While the main software for it IS Windows in VR, it’s still a hardware device they gotta sell and impress people with. Just a room is neat (at best) but won’t exactly convert people to switch to VR

    • Banned Squirrel

      They are targeting office users here. As an IT tech this technology combined with windows 10 is revolutionary. I get requests all the time to have multiple monitors but the users don’t have the space (or the budget) to make it happen. With 1 $300 headset they can simply have a laptop, a small cubicle, and as many displays as the would like. (moving their heads to go from one screen to another)

      For me personally I would customize my virtual room with a window that displays our camera pointing outside (work in a room with no windows) I could now have my very own office with a great view.

      • Branton Dark

        I think you are over-estimating the experience and performance MSVR brings. Also, you are thinking about the hololense for that AR experience, this is VR.
        Try out virtual desktop in a vive or rift. It’s cool until you realize you can’t use your keyboard.

  • ender707

    The article calls out the type of screen as the biggest difference between this and rift/vive, but I think the lack of tracked motion controllers seems to be the biggest difference. I wonder what we will see for that?

    • Ian Hamilton

      Fair point — tracked controllers will likely be a major feature difference between these headsets. Haven’t heard details from Microsoft around how they plan to deal with 6dof controllers.

      • unreal_ed

        Yea, because I can’t imagine anyone wanting to interact with Windows through an Xbox Controller for more than 5 minutes…
        Can you use a keyboard and mouse?

        • Smokey_the_Bear

          I’m sure you can. That’s what I’ll use the most (when I get my Lenovo vr in August), but every now & again, I would like to try a game or something…which would require a real (non-xbox) vr controller.

          • unreal_ed

            They should release some stuff you can use to track your mouse and keyboard in VR. Seems like a little thing, but far from everyone knows how to touch type and even then they can’t easily/comfortably find their keyboard/mouse without seeing them

          • Uncle

            I just googled it and thats what I want, Lenovo VR, price between 300-400$ and two 1440×1440 OLED screens, so screen wise its better than Oculus and Vive.
            If the tracking is on par and is game-able, then its a gem that misses motion tracking.
            I have a feeling that many 3rd parties are working on different products, for now X1 gamepad will do and I already own PSVR so I can use PS motion controllers with PC

        • AmiRami

          Given the fact that this is Windows the KB is a certainty. the mouse will depend on whether or not the virtual environment supports cursor control. But I don’t see why it wouldn’t.

    • hopefully Microsoft will use their Kinect expertise and give us a new version that will allow accurate hand tracking without having to hold any controller! Wouldn’t that be game-changing? 🙂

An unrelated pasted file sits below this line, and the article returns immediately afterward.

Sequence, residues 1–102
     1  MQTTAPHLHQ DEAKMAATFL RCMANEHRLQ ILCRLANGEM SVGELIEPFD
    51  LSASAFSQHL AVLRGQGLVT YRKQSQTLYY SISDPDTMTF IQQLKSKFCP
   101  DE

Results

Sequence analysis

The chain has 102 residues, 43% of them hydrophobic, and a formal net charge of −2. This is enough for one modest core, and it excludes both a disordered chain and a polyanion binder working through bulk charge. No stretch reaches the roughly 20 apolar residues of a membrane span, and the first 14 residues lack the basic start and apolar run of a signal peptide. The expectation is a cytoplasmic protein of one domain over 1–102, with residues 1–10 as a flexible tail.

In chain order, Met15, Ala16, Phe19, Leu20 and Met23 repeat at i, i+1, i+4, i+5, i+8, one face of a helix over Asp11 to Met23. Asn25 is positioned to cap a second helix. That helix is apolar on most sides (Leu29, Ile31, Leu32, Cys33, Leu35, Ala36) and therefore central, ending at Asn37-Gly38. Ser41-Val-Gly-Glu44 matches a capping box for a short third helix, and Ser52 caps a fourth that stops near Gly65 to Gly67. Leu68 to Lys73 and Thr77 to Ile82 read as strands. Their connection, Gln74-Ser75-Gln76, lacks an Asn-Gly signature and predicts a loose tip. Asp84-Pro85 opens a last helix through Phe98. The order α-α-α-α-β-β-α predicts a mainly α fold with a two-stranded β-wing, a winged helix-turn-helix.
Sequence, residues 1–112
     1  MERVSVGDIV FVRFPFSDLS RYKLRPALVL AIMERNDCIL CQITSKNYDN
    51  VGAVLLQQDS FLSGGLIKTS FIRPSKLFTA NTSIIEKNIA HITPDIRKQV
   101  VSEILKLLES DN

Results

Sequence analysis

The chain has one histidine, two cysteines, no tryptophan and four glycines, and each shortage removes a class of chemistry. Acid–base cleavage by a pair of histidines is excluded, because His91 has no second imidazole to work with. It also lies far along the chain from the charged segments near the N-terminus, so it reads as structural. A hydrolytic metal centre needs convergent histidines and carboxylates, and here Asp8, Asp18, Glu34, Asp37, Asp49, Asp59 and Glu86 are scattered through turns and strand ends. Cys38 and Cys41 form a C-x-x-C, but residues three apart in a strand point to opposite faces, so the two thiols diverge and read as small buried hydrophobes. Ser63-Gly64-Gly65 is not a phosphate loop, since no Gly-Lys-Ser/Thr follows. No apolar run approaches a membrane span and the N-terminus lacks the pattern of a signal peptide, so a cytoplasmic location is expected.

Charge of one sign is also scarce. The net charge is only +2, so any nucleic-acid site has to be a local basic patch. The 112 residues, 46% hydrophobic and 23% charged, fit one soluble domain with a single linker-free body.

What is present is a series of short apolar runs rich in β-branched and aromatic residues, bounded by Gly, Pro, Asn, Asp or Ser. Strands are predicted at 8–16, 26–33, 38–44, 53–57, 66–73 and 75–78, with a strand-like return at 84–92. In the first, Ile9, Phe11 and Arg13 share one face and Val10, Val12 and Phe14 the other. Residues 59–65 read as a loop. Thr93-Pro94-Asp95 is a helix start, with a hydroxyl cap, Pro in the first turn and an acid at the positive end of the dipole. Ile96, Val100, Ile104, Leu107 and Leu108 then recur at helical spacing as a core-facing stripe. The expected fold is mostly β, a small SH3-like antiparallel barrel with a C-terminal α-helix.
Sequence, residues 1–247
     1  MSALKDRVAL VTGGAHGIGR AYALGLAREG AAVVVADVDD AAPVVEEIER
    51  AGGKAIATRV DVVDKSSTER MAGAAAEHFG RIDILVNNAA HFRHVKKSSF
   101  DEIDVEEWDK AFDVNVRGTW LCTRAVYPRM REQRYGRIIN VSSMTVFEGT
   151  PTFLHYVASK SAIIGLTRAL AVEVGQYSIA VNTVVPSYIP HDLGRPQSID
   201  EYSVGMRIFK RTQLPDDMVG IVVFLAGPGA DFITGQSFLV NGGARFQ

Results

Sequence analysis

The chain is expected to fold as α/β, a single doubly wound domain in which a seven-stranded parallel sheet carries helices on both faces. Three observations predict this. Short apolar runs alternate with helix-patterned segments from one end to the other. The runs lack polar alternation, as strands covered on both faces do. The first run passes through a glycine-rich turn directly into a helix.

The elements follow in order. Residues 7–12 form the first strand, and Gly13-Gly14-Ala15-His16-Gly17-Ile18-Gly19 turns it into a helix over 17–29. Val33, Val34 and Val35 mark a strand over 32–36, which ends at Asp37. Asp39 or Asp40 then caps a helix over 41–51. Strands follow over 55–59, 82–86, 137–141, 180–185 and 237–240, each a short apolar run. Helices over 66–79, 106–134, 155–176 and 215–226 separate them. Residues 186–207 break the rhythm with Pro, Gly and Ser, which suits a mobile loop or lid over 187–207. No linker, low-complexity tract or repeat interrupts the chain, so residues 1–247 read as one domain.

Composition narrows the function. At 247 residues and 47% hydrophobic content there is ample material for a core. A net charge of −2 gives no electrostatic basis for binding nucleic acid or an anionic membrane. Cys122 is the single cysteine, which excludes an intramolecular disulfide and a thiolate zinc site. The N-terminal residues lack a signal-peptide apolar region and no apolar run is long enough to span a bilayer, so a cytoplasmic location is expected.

• Most likely, a device like the Hololens clicker will come about. I am assuming third party controllers will come along too. The headset from 3Glasses may come with a pair. I also think something like Nolo will come along. I just hope someone will find a way to get these headsets to work with Steam VR.

  • Ted Joseph

    I didnt see any mention of how the games play! Isnt MS creating mixed reality gaming?

    • James Butlin

      I sincerely doubt it. They are targeting professional users so if they add any games they will be extremely gimmicky and shallow. Lack of motion controllers and roomscale movement make me think they aren’t intending on even entering the gaming market with these.

    • Branton Dark

      Not built for gaming, mostly productivity (which no one in real productivity will actually use it for). MS tried AR with the hololense and turned out to be a total flop. It cost $3,000 had terrible performance, resolution, tracking, usability and had no applications. MS is using this device to try to clean up the hololense mess, but have failed once again. Zune, Kinect, hololense, Win10, cortana, moblie phones, VR, when do the failures stop and become a learning experience for Microsoft? Probably never at this rate.

  • unreal_ed

    How easily does it lift from your face? Does it do it in a manner similar to LG’s ? How high above the eyes does it lift?

  • Mo Last

    what about the FOV???

    • Branton Dark

      Only 95 degrees. Worse than the PSVR, and that’s saying something. This HMD is trash, just like the hololense and the kinect.

  • Ian Walker

    Any developers out there had their pre-release kit delivered yet?

  • Interesting… so they’ve solved lots of issues and can offer a device similar to Oculus and Vive but at a lower price? Well, that could change a lot in the ecosystem…

    • Branton Dark

      It’s not as similar as you make it out to be, it’s comparable to the PSVR, if anything. It’s focused around productivity, so gaming will most likely not be a thing for these HMDs becasue of bad tracking and even worse FOV than the PSVR (one of the biggest downsides to the PSVR).